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Whether you realize it or not, our lives are impacted each day by watersheds.

“Everybody on the earth’s surface lives in a watershed. They may not know that, but unless they’re living on the International Space Station, they’re standing in a watershed,” Aaron Hoff, manager of the Tarrant Regional Water District Watershed Programs, said.

If you are wondering what a watershed is, Hoff explains in simple terms a watershed is a specific geographic area where all the water drains to a certain point, such as a river or lake. In fact, every square inch of land on Earth is part of a watershed according to the EPA, which means rural prairies, urban streets and everything in between are part of some watershed.

Watersheds are incredibly important because they ultimately impact water quality and quantity. Not only do we all live in watersheds, Hoff said we depend on them for clean water, food, work, recreation, and considerably more. When watersheds are healthy, they can function as nature intended, providing us all these benefits. However, the activities we do on the land, such as applying fertilizer, disposing of chemicals or building homes, can threaten the condition of our watersheds.

“I think that’s really what it comes down to is a healthy watershed means healthy people, healthy economy, healthy land, healthy water. So, one begets the other,” Hoff said.

Kyle Wright, Natural Resources Conservation Service (NRCS) state water quality specialist, said healthy watersheds serve a number of functions, including stabilizing soil and preventing erosion. Watersheds are also designed by nature to catch, hold and slow down storm waters and help mitigate flood risk.

“Watersheds are extremely important – they provide so much to us through the benefits of being able to filter and clean our runoff water as it comes off of these lands,” Wright said.

Farmers and Ranchers Take Action

Farming and ranching are essential activities done within our watersheds that provide us with food and fiber. Wright said in his career, he has never worked with a farmer or rancher who did not recognize the natural value of their land.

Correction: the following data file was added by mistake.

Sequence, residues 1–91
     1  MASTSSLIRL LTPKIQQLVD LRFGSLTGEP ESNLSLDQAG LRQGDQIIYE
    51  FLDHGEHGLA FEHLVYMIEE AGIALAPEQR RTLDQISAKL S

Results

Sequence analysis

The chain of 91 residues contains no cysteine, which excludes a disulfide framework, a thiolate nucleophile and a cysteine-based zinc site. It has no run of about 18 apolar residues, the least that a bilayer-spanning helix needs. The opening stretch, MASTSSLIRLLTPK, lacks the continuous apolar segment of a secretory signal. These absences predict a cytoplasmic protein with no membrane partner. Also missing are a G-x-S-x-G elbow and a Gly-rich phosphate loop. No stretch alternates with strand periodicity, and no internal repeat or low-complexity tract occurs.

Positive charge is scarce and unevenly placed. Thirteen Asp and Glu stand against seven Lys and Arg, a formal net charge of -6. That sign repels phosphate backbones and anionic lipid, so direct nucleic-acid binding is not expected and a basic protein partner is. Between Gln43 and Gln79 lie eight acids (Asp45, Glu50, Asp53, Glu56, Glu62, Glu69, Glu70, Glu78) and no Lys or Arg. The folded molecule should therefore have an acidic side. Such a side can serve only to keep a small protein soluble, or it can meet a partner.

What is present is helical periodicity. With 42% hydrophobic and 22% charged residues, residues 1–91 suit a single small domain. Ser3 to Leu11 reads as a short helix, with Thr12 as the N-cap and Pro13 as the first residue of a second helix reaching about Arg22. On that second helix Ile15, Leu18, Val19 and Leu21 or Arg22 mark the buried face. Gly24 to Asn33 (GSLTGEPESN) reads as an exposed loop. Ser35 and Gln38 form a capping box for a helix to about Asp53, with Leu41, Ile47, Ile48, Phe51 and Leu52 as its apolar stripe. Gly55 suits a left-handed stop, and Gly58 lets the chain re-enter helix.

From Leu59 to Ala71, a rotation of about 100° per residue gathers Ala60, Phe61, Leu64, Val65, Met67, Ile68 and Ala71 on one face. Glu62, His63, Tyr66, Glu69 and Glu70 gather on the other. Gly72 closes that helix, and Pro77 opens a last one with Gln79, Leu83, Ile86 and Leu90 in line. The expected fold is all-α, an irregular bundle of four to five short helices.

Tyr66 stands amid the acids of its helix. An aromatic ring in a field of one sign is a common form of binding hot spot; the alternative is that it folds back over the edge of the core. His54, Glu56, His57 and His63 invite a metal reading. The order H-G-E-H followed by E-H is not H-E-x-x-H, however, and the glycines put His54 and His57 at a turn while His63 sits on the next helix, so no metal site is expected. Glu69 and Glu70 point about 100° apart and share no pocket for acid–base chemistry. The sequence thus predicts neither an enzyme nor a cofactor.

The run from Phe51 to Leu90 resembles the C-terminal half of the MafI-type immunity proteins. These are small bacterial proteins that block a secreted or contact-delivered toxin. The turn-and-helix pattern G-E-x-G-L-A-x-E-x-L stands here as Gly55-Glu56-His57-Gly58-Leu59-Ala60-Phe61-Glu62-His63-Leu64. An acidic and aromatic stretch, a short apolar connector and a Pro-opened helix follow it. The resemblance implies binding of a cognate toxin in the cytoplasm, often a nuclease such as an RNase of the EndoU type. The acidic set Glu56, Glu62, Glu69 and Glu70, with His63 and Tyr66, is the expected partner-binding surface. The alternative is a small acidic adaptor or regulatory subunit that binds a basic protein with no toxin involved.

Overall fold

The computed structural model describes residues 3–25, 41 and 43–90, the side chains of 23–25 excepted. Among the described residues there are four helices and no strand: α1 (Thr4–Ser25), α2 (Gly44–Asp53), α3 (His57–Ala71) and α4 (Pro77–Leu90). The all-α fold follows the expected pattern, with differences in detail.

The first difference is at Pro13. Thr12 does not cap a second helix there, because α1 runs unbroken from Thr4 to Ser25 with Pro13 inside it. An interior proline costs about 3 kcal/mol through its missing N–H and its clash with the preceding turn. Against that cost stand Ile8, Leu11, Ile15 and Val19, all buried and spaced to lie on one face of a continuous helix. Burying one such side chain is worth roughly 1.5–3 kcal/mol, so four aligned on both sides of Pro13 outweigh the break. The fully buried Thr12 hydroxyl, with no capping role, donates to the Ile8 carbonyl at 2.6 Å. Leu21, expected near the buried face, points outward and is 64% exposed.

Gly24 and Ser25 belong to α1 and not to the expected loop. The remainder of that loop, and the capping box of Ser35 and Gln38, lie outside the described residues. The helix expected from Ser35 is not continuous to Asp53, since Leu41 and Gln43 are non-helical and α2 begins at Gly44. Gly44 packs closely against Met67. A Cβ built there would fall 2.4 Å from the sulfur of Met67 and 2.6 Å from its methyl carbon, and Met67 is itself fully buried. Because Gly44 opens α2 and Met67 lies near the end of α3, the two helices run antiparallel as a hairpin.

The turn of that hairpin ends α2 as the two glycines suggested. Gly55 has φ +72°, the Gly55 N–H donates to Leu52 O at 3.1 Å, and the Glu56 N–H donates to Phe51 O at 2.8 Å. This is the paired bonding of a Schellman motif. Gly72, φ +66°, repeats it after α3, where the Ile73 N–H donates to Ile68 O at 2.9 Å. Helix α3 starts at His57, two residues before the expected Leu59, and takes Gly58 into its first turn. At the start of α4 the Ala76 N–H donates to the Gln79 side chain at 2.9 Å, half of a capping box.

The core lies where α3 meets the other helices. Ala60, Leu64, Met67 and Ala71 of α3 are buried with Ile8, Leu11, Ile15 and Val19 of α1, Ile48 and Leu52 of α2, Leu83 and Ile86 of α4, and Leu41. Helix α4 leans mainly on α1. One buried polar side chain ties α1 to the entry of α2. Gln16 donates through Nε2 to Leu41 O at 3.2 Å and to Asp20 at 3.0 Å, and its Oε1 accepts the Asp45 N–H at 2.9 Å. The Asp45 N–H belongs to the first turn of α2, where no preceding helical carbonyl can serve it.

“They value it. They appreciate it. All the farmers and ranchers who I know are interested in taking care of their land and improving it as much as they can,” Wright said.

The NRCS in Texas is helping farmers do just that. Wright said NRCS partners with farmers and ranchers by providing technical and financial assistance to help address resource concerns on their land in a sustainable manner. Through programs like the National Water Quality Initiative and the Environmental Quality Incentives Program, farmers and ranchers implement practices that protect water quality and conserve natural resources on their land.

One of the practices Wright said farmers implement on their crop fields to protect watersheds is nutrient management. By mapping out a nutrient management plan, farmers apply fertilizer in the proper amount, time and placement needed for their crops to grow healthy.

“By applying only what the crop is going to uptake, they’re greatly reducing the chance that any will run off into our watersheds,” Wright said.

Wright added, soil health is an important component of watershed stewardship. To improve soil health on their farms, he explained farmers are using reduced till or no-till practices. Not disturbing the soil surface through tillage reduces erosion and possible runoff and improves soil health.

Another practice farmers use is residue management, controlling the amount of residues left in the field. Wright said one way farmers can implement this practice is by growing high-residue crops and low-residue crops in a rotation. When combined with reduced or no-till practices, this increases the organic matter on the soil surface, which helps reduce erosion.